Spurs and Heat battle over ball movement in the NBA Finals

Game 2 is Sunday in San Antonio.  (USATSI)
Game 2 is Sunday in San Antonio. (USATSI)

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SAN ANTONIO -- If you ask the Spurs what the key to their offense is, they say "ball movement." If you ask the Heat what the key to the Spurs is, they also say "ball movement." And often times, especially in the NBA Finals, when so much coverage hinges on storylines, narratives, heat, hustle, and easy-to-digest sound bytes, that's where the discussion ends, at the water's edge. 

But there's a lot more to say about how the Spurs create those possessions full of dazzling ball movement, and how they always know to make that "extra pass" which results in the open corner 3's. The Spurs' offensive beauty is structural, in its play design, in the spacing they use, in the talent they have accumulated and honed. But it is also brilliant in its execution, in how they actually play

That extra pass is exceptionally dangerous. Even on this shot that Manu Ginobili misses, look at how wide open he is because of the extra pass: 

That's what makes the Spurs so dangerous. They break down your defense, and once that defense is scrambling, they don't just make you pay once. They take your payment for the initial breakdown, a defender sprinting to run off a 3, and then produce an even higher percentage look. The Spurs stressed "quick decisions with the ball" this week as the key to getting ahead of Miami's super-athletic defense. 

For the Spurs, Boris Diaw said Saturday that ability to create those looks is a product of having players who are willing to make that pass, who are unselfish enough to deliver it. 

But in the heat of the moment, with a defense as fast as Miami's closing on you, in the biggest games of your career, how do you know to find that shooter? Many believe it's a product of the Spurs' knowledge of their complex playsets, but the Spurs believe it has more to do with court awareness, and which players are comfortable making that pass. Danny Green credits the international players on the roster with knowing to find the open shot.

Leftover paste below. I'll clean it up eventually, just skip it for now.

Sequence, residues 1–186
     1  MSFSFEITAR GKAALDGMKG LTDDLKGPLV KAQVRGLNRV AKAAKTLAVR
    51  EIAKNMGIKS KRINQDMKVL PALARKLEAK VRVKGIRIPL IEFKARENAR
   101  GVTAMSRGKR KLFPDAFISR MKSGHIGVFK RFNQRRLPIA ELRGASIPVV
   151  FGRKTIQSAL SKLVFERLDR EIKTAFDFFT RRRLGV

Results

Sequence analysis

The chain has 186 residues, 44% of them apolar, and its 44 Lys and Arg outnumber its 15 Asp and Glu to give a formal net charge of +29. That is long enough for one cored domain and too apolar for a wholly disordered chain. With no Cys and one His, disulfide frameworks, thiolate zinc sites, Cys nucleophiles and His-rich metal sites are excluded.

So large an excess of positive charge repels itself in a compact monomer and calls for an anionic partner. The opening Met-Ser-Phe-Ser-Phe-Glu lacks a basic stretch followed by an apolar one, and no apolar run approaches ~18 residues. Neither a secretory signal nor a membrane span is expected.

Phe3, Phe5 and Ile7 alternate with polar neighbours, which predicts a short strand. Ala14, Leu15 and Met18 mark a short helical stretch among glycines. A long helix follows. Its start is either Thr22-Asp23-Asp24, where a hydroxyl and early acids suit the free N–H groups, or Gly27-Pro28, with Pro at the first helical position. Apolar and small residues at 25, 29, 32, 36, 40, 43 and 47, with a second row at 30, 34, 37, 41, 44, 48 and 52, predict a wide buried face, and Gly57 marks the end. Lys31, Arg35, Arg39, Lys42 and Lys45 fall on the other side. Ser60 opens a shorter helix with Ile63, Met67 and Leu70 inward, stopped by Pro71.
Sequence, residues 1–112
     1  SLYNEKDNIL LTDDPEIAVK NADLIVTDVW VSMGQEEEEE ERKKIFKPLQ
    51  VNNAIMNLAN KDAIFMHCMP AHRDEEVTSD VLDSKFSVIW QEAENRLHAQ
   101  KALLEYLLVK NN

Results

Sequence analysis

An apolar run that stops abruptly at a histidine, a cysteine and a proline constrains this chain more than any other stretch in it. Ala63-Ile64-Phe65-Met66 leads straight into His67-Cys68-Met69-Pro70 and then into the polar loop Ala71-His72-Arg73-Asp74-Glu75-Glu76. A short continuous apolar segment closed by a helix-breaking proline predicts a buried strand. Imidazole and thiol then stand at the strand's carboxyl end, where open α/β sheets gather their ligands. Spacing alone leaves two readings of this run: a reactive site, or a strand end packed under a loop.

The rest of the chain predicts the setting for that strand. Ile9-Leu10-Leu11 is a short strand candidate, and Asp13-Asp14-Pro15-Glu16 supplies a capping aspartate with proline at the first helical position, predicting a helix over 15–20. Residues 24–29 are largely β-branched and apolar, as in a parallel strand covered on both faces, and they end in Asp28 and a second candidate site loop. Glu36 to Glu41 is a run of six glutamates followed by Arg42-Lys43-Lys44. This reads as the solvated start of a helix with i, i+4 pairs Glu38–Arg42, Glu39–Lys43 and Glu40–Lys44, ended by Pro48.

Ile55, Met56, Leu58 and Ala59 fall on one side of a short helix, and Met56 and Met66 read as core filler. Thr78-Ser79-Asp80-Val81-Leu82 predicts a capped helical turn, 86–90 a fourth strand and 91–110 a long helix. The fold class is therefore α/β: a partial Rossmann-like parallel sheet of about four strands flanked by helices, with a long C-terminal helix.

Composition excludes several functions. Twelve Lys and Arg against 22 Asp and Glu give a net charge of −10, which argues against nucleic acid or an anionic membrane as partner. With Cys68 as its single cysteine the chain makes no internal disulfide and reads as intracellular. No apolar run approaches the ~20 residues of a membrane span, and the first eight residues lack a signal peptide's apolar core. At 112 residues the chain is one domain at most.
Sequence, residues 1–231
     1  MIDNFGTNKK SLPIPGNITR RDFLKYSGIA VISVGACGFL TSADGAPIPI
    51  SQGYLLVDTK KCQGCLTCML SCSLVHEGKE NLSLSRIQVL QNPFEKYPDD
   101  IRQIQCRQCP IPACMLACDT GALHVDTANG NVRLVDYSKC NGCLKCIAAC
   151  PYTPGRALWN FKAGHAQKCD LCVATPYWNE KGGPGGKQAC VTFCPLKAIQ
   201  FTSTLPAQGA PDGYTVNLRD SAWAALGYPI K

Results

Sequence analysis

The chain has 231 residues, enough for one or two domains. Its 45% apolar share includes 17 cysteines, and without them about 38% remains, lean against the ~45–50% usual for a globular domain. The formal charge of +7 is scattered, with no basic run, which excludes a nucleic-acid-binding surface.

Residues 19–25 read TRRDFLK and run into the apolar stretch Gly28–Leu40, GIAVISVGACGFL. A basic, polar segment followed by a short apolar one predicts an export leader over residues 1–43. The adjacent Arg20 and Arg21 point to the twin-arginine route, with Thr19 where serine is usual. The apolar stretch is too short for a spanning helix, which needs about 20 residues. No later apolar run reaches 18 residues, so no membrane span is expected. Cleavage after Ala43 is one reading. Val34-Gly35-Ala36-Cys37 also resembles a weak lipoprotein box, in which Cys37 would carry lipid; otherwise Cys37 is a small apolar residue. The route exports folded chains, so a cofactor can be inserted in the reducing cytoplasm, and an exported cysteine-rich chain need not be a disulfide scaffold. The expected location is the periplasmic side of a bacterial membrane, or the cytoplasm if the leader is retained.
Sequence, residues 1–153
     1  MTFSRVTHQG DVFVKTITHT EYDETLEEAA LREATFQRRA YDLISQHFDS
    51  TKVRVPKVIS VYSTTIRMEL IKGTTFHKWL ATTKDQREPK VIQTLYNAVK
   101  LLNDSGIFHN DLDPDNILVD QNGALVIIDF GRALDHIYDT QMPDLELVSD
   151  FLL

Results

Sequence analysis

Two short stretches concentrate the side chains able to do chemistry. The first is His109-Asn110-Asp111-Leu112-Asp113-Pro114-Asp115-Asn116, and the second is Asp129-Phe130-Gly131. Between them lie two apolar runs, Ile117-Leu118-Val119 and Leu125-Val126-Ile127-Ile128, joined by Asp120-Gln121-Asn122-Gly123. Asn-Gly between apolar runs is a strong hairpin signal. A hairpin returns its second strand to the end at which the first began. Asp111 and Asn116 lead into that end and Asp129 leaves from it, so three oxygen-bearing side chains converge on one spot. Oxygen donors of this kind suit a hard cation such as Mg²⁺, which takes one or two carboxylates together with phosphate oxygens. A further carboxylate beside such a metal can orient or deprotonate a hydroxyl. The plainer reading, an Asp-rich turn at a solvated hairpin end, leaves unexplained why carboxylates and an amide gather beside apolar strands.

For more on how Danny Green hurt the Heat in Game 1, check out Zach Harper's Playoff Assist.

"It's not just the set," expert shooter Matt Bonner said, "but even when a play breaks down or you're in a random transition, you have floor sets that you want to get to, that your teammate needs to know he's got guys in these specific floor spots so when he sees two guys on him or the rotation is coming, he can find you and hit the open man."

In Game 1, the Heat were actually dramatically lucky. The Spurs produced just five "secondary" or "hockey" assists, via SportVU data, meaning just five passes which immediately lead to another pass for an assist. The Spurs missed those looks in Game 1, which they may not do again. 

Still, the Heat know how important it is to prevent those extra passes. When asked if there is anything the Heat can do tactically to prevent those passes, the Heat stressed on Saturday the importance of preventing "straight line" passes. 

"We're going to try and get our hands in the passing lanes a little bit more," Chris Bosh said, "make those extra passes tougher, so it's not a straight line We're going to try and put some pressure on them to make them reload because otherwise you just hope they miss. We're going to have to rely on our athleticism a little bit."